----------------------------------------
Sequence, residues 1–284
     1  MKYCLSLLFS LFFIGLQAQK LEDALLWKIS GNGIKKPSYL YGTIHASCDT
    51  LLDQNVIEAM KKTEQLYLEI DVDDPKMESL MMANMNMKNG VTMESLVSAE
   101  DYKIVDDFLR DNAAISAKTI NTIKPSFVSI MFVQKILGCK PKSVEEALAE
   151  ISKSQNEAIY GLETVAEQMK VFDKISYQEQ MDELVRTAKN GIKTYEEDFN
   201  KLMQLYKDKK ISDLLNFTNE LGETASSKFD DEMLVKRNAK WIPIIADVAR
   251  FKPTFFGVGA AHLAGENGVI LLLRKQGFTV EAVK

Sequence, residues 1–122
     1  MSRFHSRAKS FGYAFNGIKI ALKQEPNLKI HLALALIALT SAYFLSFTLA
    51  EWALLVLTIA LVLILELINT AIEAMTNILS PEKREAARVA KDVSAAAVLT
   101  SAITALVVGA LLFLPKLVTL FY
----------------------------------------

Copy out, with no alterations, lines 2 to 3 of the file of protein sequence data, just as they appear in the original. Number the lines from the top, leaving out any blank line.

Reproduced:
     1  MKYCLSLLFS LFFIGLQAQK LEDALLWKIS GNGIKKPSYL YGTIHASCDT
    51  LLDQNVIEAM KKTEQLYLEI DVDDPKMESL MMANMNMKNG VTMESLVSAE